Council acts on rezoning, road project
Lansing City Council members gave their approval to a midtown rezoning and got the wheels greased for a southside street resurfacing at their meeting last week.
Council members on Thursday, with Harland Russell absent, approved 7-0 a request to rezone a three-lot tract at 108, 110 and 112 E. Kansas Ave. for retail/office uses.
Carlson Construction Management Co., of Independence, Mo., wants to build a 12,000-square-foot retail/office development on the southeast corner of the lots, which are at the southeast corner of the intersection of Kansas and First Street, across the street from the Leavenworth County Fire District No. 1 offices.
Council member Bob Ulin noted commercial development in the area could exacerbate the need for a traffic light at nearby Kansas Avenue and Main Street. The intersection, he said, could be especially tricky for emergency vehicles leaving the fire station and trying to turn south onto Main Street.
In the past, Ulin said, the Kansas Department of Transportation had said it would study placing a traffic light at the intersection of Kansas and Main.
"I don't know what the resolution was on that, but I know KDOT said they would look at that. Now if we're putting businesses in there, they really do need a traffic light."
City officials said KDOT was looking at the possibility of putting in a light activated by emergency vehicles that would stop traffic on Main.
A spokesman for Carlson Construction last week said the company had not yet actively marketed the property but that it was seeking a fast-food restaurant or sandwich shop among the tenants for the site.
Council members also approved spending $46,855 for design work for the resurfacing of 147th Street from McIntyre Road to Dempsey Road. The design work will be done by the firm McAfee, Henderson and Strick. The city and Leavenworth County have agreed to a 50-50 split of costs of asphalting 147th Street, a project promised to residents of annexed land on Lansing's south side. The project is envisioned for sometime in 2006, Public Works director John Young said.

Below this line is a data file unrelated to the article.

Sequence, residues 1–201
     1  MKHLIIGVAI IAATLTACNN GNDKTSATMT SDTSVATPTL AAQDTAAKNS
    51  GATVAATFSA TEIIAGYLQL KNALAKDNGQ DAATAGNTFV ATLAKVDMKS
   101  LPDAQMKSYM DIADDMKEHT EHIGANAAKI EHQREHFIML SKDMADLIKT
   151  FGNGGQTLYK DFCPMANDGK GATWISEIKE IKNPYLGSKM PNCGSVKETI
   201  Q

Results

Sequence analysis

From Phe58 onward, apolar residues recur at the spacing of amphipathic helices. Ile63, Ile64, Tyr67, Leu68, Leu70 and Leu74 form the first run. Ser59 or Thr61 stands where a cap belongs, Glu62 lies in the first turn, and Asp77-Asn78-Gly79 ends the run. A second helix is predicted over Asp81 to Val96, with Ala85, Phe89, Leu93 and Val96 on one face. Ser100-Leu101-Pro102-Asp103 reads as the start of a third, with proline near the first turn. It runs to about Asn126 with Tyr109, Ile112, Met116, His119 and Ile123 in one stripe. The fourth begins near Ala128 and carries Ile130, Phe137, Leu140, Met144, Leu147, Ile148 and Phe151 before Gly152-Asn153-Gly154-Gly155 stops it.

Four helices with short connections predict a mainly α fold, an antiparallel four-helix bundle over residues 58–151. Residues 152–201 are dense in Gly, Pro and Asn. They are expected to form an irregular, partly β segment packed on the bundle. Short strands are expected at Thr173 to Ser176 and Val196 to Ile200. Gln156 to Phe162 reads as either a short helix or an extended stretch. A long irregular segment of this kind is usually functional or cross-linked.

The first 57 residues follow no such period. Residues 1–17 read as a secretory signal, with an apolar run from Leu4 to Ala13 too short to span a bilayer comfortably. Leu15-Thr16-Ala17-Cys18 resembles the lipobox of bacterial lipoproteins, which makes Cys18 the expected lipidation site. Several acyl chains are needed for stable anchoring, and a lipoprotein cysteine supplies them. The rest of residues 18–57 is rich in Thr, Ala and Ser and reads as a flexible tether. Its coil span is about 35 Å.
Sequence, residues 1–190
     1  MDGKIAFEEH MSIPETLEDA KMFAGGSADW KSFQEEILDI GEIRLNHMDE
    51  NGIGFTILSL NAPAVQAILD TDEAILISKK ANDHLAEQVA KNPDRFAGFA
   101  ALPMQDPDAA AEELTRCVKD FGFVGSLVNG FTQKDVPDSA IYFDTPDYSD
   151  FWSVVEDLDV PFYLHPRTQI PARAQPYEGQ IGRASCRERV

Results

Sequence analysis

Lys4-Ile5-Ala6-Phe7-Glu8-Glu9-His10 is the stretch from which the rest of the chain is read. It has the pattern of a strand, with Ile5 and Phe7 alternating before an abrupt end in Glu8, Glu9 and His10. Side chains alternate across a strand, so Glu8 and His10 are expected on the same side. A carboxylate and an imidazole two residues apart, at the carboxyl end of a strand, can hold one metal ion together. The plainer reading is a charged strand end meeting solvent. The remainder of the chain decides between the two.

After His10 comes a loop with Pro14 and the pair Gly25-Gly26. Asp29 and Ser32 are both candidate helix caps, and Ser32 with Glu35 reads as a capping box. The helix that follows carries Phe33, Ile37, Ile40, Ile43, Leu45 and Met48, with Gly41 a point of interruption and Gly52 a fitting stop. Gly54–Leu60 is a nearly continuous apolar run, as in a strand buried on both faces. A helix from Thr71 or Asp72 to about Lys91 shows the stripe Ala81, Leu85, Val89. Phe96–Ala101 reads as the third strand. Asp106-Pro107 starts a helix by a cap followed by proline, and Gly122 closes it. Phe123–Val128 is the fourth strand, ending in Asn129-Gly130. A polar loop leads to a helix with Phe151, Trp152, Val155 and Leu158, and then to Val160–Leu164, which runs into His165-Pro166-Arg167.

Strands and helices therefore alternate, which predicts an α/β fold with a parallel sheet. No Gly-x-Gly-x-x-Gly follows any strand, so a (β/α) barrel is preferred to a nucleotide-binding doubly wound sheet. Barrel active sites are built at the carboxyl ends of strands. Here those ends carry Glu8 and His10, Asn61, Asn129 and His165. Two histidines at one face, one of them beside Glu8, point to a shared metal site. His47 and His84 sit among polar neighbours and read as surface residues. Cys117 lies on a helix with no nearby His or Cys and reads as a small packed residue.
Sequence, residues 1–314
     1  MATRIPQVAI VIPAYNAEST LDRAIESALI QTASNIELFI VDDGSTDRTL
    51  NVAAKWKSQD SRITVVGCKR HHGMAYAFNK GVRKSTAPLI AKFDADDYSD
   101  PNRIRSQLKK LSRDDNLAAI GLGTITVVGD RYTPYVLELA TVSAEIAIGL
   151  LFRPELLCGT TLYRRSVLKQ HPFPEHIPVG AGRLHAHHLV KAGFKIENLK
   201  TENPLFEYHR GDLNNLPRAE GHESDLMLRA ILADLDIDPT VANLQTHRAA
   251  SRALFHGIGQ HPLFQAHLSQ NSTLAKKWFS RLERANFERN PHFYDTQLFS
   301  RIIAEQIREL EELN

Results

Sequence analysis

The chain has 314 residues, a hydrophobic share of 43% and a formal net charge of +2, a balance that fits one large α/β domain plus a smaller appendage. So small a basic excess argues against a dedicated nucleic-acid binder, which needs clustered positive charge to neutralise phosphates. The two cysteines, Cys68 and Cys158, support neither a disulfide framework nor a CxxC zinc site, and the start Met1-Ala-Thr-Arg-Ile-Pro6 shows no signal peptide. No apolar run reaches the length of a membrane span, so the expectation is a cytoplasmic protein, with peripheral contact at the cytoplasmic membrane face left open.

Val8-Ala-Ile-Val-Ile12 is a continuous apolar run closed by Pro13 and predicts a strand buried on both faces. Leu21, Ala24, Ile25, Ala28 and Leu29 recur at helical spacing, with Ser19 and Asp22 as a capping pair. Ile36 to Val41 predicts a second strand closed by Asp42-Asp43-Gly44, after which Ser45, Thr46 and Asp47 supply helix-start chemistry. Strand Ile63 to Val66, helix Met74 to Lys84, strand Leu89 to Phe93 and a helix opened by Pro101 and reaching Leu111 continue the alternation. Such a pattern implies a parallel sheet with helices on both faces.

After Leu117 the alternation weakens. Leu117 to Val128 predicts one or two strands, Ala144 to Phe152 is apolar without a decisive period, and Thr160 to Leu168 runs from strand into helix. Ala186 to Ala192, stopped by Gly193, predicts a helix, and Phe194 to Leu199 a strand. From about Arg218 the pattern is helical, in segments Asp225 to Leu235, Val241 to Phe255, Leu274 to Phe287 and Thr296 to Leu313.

The council also:
¢ Heard a report from Jason Crum, parks and recreation director, on the city's summer softball and baseball leagues. He said there were 23 teams this year, up from 22 in 2004, with participation by 436 children, up 34 children from a year ago.
¢ Briefly talked about the need for a policy to remove members from city boards if they reach a threshold of unexcused absences. Staff members were directed to look into how other cities handle similar matters.
¢ Heard a suggestion from Council member Ulin to consider some sort of customer satisfaction index to gauge how the city responds to issues raised by the public. "If we don't know whether our customers are satisfied, how do we measure our business?" he asked. City Administrator Mike Smith assured Ulin that "citizen priority is No. 1" with his office and his department heads.